On our second night in Colmar our host Jean, entertained us. He offered to cook us dinner, and we eagerly accepted. We sat and helped in the kitchen, chatting while he prepared delicious chicken in white wine. Unfortunately, he did not have enough chicken for 3, so cooked himself a meat patty, we felt so bad, but after we ate the chicken, were feeling pretty good! YUM! We shared wine, cheese and bread continuing to chat about our lives and Alsace. It was a lovely social evening, and it had been so nice of Jean to offer such generous hospitality.
It was time to say goodbye to Alsace and head back into Germany. I had been having some pains in my chest which I was worried could be my heart. On Sunday in Stuttgart, so close to Christmas, finding a Dr available was no easy feat. After a visit to the tourist centre, we headed to Marien’s Hospital where they offered a weekend GP service. I was so anxious and nervous, because in my mind all I could think about was the worst happening – a repeat of India… I tried to stay rational, and Matt was amazing and kept me calm. Thank goodness, after a few minutes a Dr saw me. Of all the English-speaking doctors that there are in Stuttgart, I think I had the only one who couldn’t… It made for another funny foreign hospital experience as I was examined, my heart was checked and I was relieved to discover, I was not dying and in fact had a compressed nerve in my back. PHEW! Best money ever spent in my life! We could return to our hostel and rest, with peace of mind, and a funny hospital story too!
Stuttgart has a huge Christmas market and some of the most elaborate store decorations we have seen. On Sunday it was packed, you could barely walk through the passage, and had no chance of actually stopping at any of the stalls through the hoards of people. It was crazy! Monday we tried again and had a much more pleasant experience. We could view the stalls at our own pace, and had space to walk freely. They were beautiful! We loved seeing all the foreign and delicious food, ranges of candles, sweets, chocolate, ginger bread, ornaments, glasses, and domestic essentials. The timber stalls I love had a sale on, and having just laughed at Matt’s jubilation over discounted gingerbread, I quickly followed with an equally excited response for the timber ornaments. Our Christmas was now complete as we had a nativity!! It was so nice being able to buy something from the markets at a reasonable price.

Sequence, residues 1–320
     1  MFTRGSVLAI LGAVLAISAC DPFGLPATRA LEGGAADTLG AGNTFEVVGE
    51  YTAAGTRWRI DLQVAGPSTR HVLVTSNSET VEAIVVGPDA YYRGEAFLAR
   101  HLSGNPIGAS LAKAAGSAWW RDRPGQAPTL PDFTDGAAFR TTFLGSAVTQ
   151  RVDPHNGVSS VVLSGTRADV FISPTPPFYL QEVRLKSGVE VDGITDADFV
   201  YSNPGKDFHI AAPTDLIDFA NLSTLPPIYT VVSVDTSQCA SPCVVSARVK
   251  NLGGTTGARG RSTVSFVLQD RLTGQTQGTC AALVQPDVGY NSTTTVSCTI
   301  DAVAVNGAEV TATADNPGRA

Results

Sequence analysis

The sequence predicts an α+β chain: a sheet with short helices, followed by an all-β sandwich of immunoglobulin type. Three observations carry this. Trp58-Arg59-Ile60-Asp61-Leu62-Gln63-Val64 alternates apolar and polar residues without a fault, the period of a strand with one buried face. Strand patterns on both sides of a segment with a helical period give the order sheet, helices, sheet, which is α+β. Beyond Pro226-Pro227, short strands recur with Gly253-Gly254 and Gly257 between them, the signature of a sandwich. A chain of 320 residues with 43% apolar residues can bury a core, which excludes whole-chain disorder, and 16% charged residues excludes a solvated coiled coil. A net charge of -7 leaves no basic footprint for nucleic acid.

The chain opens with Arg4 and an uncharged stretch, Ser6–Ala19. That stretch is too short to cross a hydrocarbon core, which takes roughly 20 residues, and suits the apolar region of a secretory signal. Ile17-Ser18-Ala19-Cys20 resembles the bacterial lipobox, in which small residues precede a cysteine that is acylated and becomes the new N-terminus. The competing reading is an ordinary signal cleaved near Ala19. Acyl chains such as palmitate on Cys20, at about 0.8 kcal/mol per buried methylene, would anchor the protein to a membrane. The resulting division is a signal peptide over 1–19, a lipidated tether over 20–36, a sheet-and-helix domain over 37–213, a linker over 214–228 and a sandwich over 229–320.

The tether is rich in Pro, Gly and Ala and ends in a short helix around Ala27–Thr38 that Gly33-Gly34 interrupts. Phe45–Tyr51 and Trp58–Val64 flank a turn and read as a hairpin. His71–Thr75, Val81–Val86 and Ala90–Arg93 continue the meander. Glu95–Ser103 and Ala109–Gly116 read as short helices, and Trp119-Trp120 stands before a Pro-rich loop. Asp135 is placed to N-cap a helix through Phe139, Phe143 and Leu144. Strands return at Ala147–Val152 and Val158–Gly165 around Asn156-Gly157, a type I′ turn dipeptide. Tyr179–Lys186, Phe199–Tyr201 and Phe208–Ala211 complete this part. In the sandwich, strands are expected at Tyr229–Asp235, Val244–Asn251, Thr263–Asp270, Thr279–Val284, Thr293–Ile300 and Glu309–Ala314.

Christmas in Suttgart is extremely family oriented, and is celebrated primarily on Christmas eve. They have big family dinners and exchange presents. The following 2 days are spent visiting people, and is also family centred. Whilst traveling in NZ years ago, I met a girl, who I made contact with and assisted us out over Christmas with accommodation. She had a share flat in Stuttgart which would be practically empty and said we could stay. We were very lucky, as we found out that even our hostel was closing for a week over Christmas. We met Marlen on Monday afternoon, and spent the rest of the day with her and her brother Mario. They took us up to the forest that encircles Stuttgart and we got a beautiful view of the sunset and city. She told us the location was where they put all the building ruins after WW2 and a memorial was set up. It was pretty cool. Back in her flat we had dinner together, 2 German dishes with egg noodles and sour kraut. It was a great night talking about travel experiences and how much more of Australia and NZ they have done than us!
The next few days we nestled in to the apartment for Christmas, making it homely, decorating, enjoying some R&R and a place to call “home”. It rained over Christmas and boxing day, so matt got pretty comfy, but I was able to take get him out of the place to mass for Christmas eve. The service was in English and targeted to international people living or visiting Suttgart. I found the Priest very compelling and enjoyed his sermon. Matt however noted that the service duration was exceptionally long at 1.5 hours… I was grateful for our Christmas together, how lucky, healthy and safe we were. I couldn’t have asked for anything more for us.
Christmas was about lots of relaxation, skyping home and planning the final leg of our trip together in Turkey and South Africa. Matt is looking into extending his time in Africa to include Uganda, Kenya, Tanzania and a hike up Kilimanjaro. It was good to have some time to go through our trip and look at our end dates. Matt was getting pretty excited planning with endless possibilities, but has been thrown into line by his sister demanding his return by April.
We left Stuttgart on the 27th and spent 1 day in Nuremberg, with no regrets. Nuremberg is a delightful, quaint and charming city with a great atmosphere and apparently THE BEST Christmas markets – which closed on Christmas eve. None-the-less we loved taking the time to embrace the town with all its appeal – streams, castles, old poky streets and cool architecture. We also visited the justice palace, which was a mind altering and enlightening education about the Nuremberg trials and international justice system. We had planned to visit the Nazi Rally Site as well, but spent a bit longer than we expected in the first site. Matt and I left both reflecting on a lot and with a great deal more information to process. That night in Nuremberg we enjoyed a late Christmas dinner of Pork shoulder and roast beef for a very reasonable price in a superb restaurant. It was a great treat for Christmas, and the meals were perfect.